Buybacks Vs. Dividends: Focusing On The Long-Term

by: Roger Ehrenberg

The issue of stock buybacks vs. dividend policy has been frequently discussed on this blog. However, today’s NYT article once again stoked the fires of my frustration with conventional wisdom around this topic.

Consider these two paragraphs from the article referenced above:

In other words, the stock market teaches a tech company that it shouldn’t keep its cash, and it shouldn’t give it to shareholders. The cash can be used for big acquisitions, but those can turn into bombs that really hurt a company. The safest thing to do, the chief financial officers have learned, is to buy back stock, even if that turns out to be a bad investment.

This works out well because of another odd reality: Share buybacks are a useful way to increase per-share earnings. With fewer shares outstanding, the same amount of money parcels out to a greater amount per each share. Of course, this makes no difference for the actual earnings, but Wall Street analysts seem to buy into it.

With all due respect to Wall Street analysts, this is simply awful and has been the case as long as I’ve been in the markets (which now totals 25 years). EPS is most assuredly NOT the salient figure for assessing corporate performance. How about cash flow? EVA? Some other metric that measures the operating (vs. accounting) performance of the business? The only party more culpable than Wall Street analysts? The corporates themselves. Most lack the conviction to deal with short-term pain in order to do the right thing for building long-term shareholder value.

Think Jeff Bezos: he was a pariah for many years as he took on debt, showed terrible numbers yet had deep conviction in his long-term strategy. Window-dressing for EPS purposes? You’ve got to be kidding me. But in the end, he has proven to be a winner. The right business model, the right strategy, deep conviction in the mission and almost entirely tone-deaf when it came to Wall Street expectations. Bravo.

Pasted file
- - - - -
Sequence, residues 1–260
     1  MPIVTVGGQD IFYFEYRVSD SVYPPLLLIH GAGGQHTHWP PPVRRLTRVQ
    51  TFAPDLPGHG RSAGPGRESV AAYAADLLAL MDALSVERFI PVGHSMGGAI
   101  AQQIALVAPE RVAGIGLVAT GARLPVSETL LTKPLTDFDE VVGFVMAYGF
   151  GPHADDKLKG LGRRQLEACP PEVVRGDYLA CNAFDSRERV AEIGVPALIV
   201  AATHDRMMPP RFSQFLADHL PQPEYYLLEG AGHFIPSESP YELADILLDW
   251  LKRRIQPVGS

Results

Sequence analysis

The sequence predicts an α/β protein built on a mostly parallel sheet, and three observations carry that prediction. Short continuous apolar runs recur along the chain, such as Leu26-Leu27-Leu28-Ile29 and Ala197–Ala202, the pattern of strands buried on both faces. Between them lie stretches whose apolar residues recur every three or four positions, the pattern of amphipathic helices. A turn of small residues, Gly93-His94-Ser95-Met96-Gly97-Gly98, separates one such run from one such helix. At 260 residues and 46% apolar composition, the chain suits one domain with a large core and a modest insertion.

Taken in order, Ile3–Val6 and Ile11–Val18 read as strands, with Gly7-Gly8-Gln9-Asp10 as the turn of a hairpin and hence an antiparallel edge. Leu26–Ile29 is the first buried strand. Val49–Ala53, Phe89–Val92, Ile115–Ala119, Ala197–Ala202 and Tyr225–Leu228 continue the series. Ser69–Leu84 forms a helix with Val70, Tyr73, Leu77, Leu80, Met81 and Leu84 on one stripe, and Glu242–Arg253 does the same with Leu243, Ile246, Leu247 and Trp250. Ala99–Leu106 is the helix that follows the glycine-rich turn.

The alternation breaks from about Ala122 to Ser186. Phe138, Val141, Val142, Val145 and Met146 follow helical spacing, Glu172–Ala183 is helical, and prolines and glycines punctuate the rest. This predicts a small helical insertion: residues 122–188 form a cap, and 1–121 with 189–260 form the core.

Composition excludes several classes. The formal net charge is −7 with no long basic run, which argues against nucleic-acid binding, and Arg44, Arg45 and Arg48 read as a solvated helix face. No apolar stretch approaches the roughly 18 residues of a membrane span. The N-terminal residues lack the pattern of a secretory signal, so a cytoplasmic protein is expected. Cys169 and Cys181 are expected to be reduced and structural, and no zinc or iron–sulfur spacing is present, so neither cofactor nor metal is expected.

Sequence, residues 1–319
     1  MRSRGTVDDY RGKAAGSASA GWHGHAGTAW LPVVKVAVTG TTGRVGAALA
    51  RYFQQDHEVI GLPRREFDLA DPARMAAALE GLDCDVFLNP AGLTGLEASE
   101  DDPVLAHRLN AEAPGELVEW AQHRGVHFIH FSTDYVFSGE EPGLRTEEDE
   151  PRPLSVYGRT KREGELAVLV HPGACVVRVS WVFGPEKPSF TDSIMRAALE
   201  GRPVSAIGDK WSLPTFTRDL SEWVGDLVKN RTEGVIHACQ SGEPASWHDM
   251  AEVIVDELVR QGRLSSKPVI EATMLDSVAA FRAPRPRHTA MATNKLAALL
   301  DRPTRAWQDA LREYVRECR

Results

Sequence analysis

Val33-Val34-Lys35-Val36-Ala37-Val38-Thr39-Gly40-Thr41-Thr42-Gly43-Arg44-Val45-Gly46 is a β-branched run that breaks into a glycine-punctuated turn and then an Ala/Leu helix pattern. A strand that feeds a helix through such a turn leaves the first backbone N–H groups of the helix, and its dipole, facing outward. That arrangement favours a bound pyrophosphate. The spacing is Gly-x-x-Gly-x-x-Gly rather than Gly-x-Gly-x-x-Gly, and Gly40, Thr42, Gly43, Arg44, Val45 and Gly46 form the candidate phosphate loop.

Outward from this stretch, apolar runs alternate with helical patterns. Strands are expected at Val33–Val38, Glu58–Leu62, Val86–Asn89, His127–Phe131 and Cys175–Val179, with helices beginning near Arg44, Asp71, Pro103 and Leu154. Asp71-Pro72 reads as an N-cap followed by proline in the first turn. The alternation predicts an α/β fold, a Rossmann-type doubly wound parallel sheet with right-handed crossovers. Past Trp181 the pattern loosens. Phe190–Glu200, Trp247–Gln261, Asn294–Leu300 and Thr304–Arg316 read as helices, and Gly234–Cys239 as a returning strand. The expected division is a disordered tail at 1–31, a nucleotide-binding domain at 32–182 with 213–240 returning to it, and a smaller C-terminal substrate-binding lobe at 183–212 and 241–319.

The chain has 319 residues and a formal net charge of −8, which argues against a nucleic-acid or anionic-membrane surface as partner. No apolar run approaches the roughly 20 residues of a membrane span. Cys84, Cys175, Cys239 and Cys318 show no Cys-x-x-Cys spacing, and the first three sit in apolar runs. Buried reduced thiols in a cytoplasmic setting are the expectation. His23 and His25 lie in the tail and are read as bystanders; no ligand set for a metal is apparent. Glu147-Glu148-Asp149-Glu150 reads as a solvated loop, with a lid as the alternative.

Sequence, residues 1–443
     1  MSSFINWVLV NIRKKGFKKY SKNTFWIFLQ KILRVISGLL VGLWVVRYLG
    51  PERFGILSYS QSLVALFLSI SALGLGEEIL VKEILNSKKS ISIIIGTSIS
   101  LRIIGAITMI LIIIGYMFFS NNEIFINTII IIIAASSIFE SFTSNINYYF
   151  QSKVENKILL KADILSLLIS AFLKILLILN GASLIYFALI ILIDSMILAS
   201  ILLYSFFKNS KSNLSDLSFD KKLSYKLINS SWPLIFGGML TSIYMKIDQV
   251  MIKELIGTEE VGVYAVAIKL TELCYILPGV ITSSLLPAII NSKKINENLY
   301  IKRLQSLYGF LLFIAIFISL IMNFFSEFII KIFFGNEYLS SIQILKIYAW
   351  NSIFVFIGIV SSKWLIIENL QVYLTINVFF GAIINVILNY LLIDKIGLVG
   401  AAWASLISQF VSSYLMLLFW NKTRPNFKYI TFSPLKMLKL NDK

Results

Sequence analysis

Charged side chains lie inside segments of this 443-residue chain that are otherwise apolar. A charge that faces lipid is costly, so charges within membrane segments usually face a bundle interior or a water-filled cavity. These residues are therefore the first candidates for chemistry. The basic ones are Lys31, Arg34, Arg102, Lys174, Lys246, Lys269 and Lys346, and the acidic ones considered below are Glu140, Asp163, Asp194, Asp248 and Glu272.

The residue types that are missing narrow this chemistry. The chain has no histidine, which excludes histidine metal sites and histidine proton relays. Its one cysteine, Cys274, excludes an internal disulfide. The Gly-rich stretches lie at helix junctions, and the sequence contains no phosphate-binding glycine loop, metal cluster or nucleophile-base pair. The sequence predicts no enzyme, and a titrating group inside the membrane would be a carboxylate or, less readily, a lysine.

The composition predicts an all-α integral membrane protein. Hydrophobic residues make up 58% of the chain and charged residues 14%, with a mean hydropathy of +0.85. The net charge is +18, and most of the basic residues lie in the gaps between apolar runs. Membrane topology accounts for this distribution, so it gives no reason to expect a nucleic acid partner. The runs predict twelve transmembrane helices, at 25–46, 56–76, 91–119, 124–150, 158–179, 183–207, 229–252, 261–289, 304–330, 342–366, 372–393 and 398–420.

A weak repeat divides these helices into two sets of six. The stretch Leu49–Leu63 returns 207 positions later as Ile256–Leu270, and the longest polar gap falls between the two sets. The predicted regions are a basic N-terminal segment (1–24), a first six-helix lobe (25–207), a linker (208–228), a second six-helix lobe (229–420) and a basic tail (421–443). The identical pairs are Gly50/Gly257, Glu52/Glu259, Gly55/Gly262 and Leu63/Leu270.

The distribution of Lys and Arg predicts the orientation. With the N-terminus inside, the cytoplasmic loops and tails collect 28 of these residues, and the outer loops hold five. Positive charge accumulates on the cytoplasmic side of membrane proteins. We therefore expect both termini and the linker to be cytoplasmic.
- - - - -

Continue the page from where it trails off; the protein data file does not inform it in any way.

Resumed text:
Most corporates do a terrible job timing their stock repurchases; this is a fact. Further, the reasoning that they get rid of cash in order to avoid doing stupid acquisitions and mitigating the dilutive impact of option exercises is yet another weak rationalization for their value-destroying behavior. For some reason dividends are perceived as a negative sign by Wall Street, indicating that there aren’t sufficiently important value-creating opportunities for investing firm capital. What a crock.

How about a rapidly growing business that is simply generating too much cash to deploy intelligently? Initiate a stock buyback at a likely inflated price (because the business is going parabolic and being rewarded for doing so in the public markets) or initiate a dividend to reward shareholders and impose discipline upon cash management? I never have understood the disconnect between dividend policy and the perception of a company’s growth prospects. And unless a corporate management simply says “I don’t care what the analyst community writes” or analysts wake up and say, “Prudent dividend policy and attractive growth prospects are not mutually exclusive” the same value-destroying behavior is likely to continue.

This isn’t that hard a problem. This singular issue has kept corporate finance departments, investment banks and consultants busy for decades. The answer is clear. Eschew popular opinion and employ value-creating long-term strategies for all shareholders. If a company’s stock price suffers in the near-term, so be it. This will also have the beneficial effect of causing compensation programs to be re-worked, equity analysts to actually do some work and force corporate managements to develop some conviction around their long-term strategy and plans. Let’s get busy.